Above: this spectacular metallic-green Cuckoo Wasp (Family Chrysididae) has a concave area under the abdomen which allows it to curl into a ball if threatened. Most Cuckoo Wasps are parasites of other kinds of wasps.
Above: the slender Gasteruptiid Wasp (Family Gasteruptiidae) preys on the nests of resin bees. She may be seen hovering near Bee Hotels, looking for unattended nests. She has a long thin egg-laying tube or ovipositor extending from the tip of her abdomen. She tries to insert her ovipositor into an unsealed resin bee nest and lay her egg. The egg develops into a grub that feeds on the resin bee young.
Above: many native wasps are minute because they specialise in parasitising other insects. This tiny wasp (Family Eulophidae), just 2 mm long, is a parasite of native leafcutter bees. Dozens of these wasps may be found developing inside a single nest cell in a leafcutter bee nest!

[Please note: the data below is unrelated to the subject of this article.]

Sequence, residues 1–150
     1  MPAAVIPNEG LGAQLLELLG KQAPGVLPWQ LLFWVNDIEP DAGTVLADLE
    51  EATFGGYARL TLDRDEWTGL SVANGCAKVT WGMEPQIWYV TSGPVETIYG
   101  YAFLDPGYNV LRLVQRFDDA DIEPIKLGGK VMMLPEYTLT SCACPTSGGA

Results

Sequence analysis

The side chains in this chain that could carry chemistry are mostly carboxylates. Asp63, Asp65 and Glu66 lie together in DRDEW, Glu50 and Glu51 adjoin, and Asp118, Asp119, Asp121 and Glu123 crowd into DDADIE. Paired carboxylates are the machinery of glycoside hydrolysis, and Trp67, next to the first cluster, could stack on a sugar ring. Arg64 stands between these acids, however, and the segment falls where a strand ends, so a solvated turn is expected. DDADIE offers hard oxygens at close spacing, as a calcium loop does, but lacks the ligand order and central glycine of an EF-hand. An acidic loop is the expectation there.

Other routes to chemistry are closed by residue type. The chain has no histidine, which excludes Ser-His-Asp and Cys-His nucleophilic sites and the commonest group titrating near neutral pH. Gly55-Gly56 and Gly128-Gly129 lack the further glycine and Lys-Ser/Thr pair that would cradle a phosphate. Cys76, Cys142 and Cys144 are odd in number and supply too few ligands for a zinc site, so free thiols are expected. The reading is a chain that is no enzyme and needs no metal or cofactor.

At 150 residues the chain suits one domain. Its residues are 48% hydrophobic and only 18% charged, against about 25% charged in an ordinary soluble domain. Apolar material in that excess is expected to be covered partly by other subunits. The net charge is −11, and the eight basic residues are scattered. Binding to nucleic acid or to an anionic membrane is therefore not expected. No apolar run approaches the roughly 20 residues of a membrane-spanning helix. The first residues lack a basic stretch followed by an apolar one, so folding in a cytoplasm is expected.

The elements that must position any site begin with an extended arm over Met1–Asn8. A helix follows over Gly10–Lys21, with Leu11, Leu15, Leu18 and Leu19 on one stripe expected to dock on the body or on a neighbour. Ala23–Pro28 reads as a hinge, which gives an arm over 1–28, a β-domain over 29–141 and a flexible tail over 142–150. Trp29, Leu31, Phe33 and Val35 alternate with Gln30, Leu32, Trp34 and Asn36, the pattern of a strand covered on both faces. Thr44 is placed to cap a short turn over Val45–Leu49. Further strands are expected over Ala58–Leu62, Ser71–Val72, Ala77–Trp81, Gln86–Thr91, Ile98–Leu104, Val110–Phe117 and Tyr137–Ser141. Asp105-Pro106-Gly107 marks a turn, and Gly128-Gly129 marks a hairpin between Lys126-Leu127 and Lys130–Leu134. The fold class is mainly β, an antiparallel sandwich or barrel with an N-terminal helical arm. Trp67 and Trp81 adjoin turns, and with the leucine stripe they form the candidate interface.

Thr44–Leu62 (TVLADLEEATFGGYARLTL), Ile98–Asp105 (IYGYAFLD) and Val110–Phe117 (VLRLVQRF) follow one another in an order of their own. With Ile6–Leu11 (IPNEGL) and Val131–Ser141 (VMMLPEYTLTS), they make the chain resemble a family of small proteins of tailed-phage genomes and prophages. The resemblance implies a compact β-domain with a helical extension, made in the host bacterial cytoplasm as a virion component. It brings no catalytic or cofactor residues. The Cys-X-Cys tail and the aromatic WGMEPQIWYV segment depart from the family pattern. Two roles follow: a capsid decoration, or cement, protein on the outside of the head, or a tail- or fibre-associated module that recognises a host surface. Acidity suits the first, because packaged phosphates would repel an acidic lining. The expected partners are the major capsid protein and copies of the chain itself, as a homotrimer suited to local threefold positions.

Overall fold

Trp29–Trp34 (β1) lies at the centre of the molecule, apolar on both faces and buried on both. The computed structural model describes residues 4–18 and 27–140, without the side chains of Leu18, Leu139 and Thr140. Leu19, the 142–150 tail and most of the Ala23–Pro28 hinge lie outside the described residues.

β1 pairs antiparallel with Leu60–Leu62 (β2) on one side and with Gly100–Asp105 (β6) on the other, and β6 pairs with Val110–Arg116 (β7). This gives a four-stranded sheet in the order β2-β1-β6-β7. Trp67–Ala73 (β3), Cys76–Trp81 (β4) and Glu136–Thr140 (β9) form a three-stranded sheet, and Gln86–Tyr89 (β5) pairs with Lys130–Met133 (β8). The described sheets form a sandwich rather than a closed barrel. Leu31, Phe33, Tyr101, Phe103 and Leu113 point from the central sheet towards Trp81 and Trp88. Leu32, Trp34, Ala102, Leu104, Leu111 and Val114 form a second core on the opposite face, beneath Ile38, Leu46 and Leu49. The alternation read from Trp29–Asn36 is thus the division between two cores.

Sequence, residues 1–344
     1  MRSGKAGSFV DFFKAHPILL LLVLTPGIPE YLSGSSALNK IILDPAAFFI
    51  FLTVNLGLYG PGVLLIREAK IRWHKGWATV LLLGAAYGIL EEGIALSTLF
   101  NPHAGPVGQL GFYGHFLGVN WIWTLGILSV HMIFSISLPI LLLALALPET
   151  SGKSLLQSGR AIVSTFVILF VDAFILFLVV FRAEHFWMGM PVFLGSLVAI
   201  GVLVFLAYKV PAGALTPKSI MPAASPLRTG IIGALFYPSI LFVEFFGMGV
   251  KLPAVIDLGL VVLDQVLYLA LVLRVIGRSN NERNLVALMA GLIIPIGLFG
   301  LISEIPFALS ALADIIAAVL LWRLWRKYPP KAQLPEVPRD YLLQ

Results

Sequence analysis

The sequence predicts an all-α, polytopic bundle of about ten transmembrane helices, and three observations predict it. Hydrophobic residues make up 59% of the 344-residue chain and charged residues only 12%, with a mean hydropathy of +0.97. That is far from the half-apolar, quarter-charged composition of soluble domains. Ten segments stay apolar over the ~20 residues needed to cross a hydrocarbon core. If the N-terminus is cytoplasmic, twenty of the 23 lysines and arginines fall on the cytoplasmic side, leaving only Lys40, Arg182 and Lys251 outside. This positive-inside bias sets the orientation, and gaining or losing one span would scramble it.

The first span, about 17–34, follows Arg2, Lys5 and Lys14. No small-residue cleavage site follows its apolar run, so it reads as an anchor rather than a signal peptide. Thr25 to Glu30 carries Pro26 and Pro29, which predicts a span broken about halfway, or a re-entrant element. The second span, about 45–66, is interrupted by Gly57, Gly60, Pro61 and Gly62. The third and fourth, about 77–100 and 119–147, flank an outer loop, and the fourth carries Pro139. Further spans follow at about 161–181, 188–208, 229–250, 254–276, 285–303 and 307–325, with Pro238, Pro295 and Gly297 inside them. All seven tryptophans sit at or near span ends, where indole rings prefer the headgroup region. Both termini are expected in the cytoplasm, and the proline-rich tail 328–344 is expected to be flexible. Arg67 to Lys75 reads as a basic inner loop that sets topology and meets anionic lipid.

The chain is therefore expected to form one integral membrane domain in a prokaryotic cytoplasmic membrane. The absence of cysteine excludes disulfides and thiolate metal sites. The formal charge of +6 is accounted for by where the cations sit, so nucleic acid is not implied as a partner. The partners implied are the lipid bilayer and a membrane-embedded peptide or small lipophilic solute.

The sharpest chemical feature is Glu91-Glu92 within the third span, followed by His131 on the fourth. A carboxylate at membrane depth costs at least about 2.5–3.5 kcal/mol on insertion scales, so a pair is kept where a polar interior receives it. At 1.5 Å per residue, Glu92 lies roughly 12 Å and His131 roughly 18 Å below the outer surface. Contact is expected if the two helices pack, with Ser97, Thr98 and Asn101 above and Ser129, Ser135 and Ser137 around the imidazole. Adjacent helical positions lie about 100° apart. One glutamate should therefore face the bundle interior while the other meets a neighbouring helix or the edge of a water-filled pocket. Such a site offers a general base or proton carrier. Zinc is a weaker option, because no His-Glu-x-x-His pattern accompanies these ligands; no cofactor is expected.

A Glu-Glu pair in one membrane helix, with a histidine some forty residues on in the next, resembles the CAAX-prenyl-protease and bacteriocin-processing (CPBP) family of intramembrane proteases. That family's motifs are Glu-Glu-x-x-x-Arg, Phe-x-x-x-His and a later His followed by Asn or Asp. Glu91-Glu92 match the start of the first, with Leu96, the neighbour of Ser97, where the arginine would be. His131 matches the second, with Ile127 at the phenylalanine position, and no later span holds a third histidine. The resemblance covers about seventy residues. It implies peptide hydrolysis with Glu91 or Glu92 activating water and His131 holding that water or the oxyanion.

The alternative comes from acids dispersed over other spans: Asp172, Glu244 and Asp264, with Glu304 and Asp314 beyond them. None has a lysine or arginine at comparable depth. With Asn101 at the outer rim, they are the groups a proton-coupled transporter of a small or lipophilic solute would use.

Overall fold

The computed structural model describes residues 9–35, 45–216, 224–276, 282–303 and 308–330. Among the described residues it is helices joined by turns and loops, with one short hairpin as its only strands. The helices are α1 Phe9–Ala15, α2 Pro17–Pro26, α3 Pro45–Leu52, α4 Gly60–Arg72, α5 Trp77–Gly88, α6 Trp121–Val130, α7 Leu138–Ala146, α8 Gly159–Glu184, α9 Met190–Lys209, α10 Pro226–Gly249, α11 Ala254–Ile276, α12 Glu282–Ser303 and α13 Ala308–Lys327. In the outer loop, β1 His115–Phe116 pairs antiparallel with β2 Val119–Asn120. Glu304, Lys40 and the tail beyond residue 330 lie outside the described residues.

Above: the feral European Wasp, Vespula germanica, (Family Vespidae) was introduced into Tasmania in 1959 and this aggressive pest wasp has now unfortunately spread to Victoria, New South Wales, South Australia and Western Australia. It builds large papery nests that are normally underground or in a cavity. Each nest may contain thousands of wasps, that come and go through a small single entrance hole. (Photo derived from work by John Tann, CC BY 2.0.) A second similar species of feral wasp, the English Wasp, Vespula vulgaris, has become established in Victoria and South Australia.
Like to know more?
'A Field Guide to Insects in Australia' by Paul Zborowski and Ross Storey.
The Brisbane Insects website -- contains a wealth of photos and interesting information on Australian wasps, flies and bees.